Seagrasses are flowering marine plants that live in shallow coastal waters almost everywhere in the world. The more than 70 species of seagrass provide an important habitat for thousands of ocean animals, from tiny invertebrates, crabs and turtles to large fish and birds.
Equally if not more important, seagrasses also are natural carbon sinks — even more effective at soaking up heat-trapping carbon pollution than forests on land. They soak up carbon in their leaves, and when they die, they decompose far more slowly than terrestrial plants, so that carbon remains buried for hundreds of years.
“Seagrasses are the ultimate natural carbon sink,” said Richard K.F. Unsworth, a lecturer in marine biology at Swansea University in the UK. “In healthy seas, seagrasses are so productive you can see oxygen rapidly bubbling through the water column as they photosynthesize on a sunny day.”
Emilia Röhr, a doctoral student at Åbo Akademi University in Finland who recently led a study on carbon storage in seagrasses, agreed. “In addition to the huge potential seagrasses possess for carbon sequestering — and therefore buffering against climate change — seagrasses offer multiple other ecosystem services essential for human livelihoods such as fish nurseries, protection from erosion, water quality management and nutrient regulation,” she said.
But overfishing and coastal pollution have taken a toll on seagrasses, depleting them at an alarming rate. Recent studies from places such as Florida, Singapore, Indonesia and the UK have documented widespread seagrass loss, according to Unsworth. The authors of one study released last year, in fact, said that a football field of seagrass is disappearing roughly every half-hour.
“The biggest threat to seagrass around the world remains poor water quality,” Unsworth said. “Seagrasses are photosynthetic, they need lots of light to grow. The more sediments, nutrients and other pollutants that come down our rivers, the more turbid our coastal seas become and the faster algal competitors of seagrass suffocate these plants.”
Because society has neglected the conservation of these ecosystems for so long, there is little detailed data available to understand how much seagrass once existed and how rapidly it has been lost, he added. Furthermore, “we don’t know nearly enough about where seagrass is,” he said. To that end, Unsworth has created a website that allows citizen scientists to help map the location of seagrass.
“Where we do have long-term data there are many examples of seagrass loss,” he said. “There are also many instances from human memory around the world where whole estuaries and bays that were once full of seagrass are now just muddy, turbid environments devoid of these prairies of the sea.”
New research underlined the value of natural ecosystems in fighting climate change. It called for preserving forests, farmlands, grasslands and seagrasses, all of which scrub carbon pollution from the atmosphere. The study, published in Science Advances, further found that strengthening these carbon sinks could shrink the country’s net annual carbon output by up to 21 percent.
The paper called for reviving grasslands, planting more trees in forests, and waiting longer to harvest timber. It also recommended that farmers plant cover crops when their fields otherwise would be bare. Cover crops draw carbon out of the atmosphere and return it to the soil. The study further called for curbing water pollution to protect seagrass, restoring lost seagrass, and allowing new seagrass to grow in areas flooded by rising seas.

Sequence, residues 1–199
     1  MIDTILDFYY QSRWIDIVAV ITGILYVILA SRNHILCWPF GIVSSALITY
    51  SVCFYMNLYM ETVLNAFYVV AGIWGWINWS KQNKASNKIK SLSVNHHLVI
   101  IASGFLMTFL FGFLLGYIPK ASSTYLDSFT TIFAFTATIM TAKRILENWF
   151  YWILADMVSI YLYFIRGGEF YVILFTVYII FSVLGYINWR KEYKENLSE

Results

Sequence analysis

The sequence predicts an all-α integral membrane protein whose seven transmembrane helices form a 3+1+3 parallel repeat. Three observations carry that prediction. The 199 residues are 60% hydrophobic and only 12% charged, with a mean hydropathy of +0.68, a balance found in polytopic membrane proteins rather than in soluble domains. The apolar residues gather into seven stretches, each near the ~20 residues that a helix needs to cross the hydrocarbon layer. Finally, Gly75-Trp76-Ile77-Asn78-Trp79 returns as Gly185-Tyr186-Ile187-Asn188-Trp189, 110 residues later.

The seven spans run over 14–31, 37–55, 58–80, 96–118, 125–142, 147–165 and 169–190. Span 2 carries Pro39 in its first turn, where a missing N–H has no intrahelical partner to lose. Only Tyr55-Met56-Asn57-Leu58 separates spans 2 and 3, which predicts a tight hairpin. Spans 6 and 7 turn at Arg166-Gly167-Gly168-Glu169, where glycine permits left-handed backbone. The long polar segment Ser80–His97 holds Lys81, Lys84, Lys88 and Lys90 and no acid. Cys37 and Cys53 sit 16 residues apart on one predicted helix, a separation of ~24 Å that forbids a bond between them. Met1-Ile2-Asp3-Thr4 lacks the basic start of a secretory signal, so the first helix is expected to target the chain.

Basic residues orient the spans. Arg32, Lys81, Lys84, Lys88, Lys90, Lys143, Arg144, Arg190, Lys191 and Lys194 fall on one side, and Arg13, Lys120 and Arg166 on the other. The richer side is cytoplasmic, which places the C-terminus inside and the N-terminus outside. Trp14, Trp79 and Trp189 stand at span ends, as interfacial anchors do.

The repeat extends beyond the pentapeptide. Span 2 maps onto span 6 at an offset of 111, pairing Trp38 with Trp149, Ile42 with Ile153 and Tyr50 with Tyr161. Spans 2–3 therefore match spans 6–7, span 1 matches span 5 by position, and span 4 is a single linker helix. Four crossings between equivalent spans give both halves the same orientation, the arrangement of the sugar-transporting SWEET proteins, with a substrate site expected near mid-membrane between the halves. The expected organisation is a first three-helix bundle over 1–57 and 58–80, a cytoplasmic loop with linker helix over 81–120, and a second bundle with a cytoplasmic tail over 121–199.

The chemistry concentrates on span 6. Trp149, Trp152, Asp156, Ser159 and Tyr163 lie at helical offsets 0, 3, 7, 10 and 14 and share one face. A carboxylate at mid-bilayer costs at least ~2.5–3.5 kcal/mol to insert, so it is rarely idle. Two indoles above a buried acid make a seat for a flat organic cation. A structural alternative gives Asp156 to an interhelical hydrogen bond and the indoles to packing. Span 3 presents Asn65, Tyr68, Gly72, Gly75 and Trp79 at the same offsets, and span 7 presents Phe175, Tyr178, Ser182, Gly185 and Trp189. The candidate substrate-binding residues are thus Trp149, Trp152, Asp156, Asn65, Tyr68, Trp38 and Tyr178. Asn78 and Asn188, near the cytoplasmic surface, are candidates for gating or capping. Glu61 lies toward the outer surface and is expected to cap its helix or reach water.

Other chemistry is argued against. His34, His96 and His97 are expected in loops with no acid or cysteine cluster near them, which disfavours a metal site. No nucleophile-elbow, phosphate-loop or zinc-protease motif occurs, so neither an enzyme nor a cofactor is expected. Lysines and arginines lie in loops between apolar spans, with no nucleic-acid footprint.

“There is value in restoring seagrasses, and in creating new seagrass meadows, because these actions cause more carbon to get stored in the soils underneath,” said James W. Fourqurean, director of Florida International University’s Center for Coastal Oceans Research, and a co-author of the paper.
Fourqurean has modeled what happens when seagrasses vanish. One study he conducted estimated the ongoing loss of seagrasses could release up to a billion metric tons of carbon dioxide into the atmosphere each year, an amount that is close to the annual carbon emissions of Japan. Still, conservatively, he says the real number probably less than half a billion metric tons annually, roughly the carbon output of France.
There are potential solutions to the problems facing seagrass. In Indonesia, for example, “we’ve just led a project that planted thousands of trees along river banks to stop sediments and nutrients flushing into the ocean, and we’re also just commencing projects to plant seagrass in Wales,” Unsworth said. But, he added, “conservation is certainly the best bet, as restoration is unreliable, difficult and very expensive.”
The “best example of seagrass hope” comes from Tampa Bay, where locals have radically improved water quality, Unsworth said. Seagrass is more now abundant there than it was in the 1950s, although recent hurricanes may have reversed some of this growth.
While much attention in recent years has focused on coral reefs, Unsworth believes that marine conservation must broaden to include seagrasses. Corals may be more exotic and pretty, but one should never dismiss the richness and importance of seagrass, Unsworth said.
“Seagrass is green, sometimes a little slimy and not seen as exciting,” Unsworth said. “The abundant and diverse animal life in it hide — that’s why they’re there. So it often appears to contain few fish. This couldn’t be further from the truth. Seagrass is certainly the poor cousin of coral, but another way of thinking about it could be the story of the ‘Ugly Duckling.’ Maybe we’re starting to see signs of feather development. In years to come, seagrass may become the beautiful swan.”
Marlene Cimons writes for Nexus Media, a syndicated newswire covering climate, energy, policy, art and culture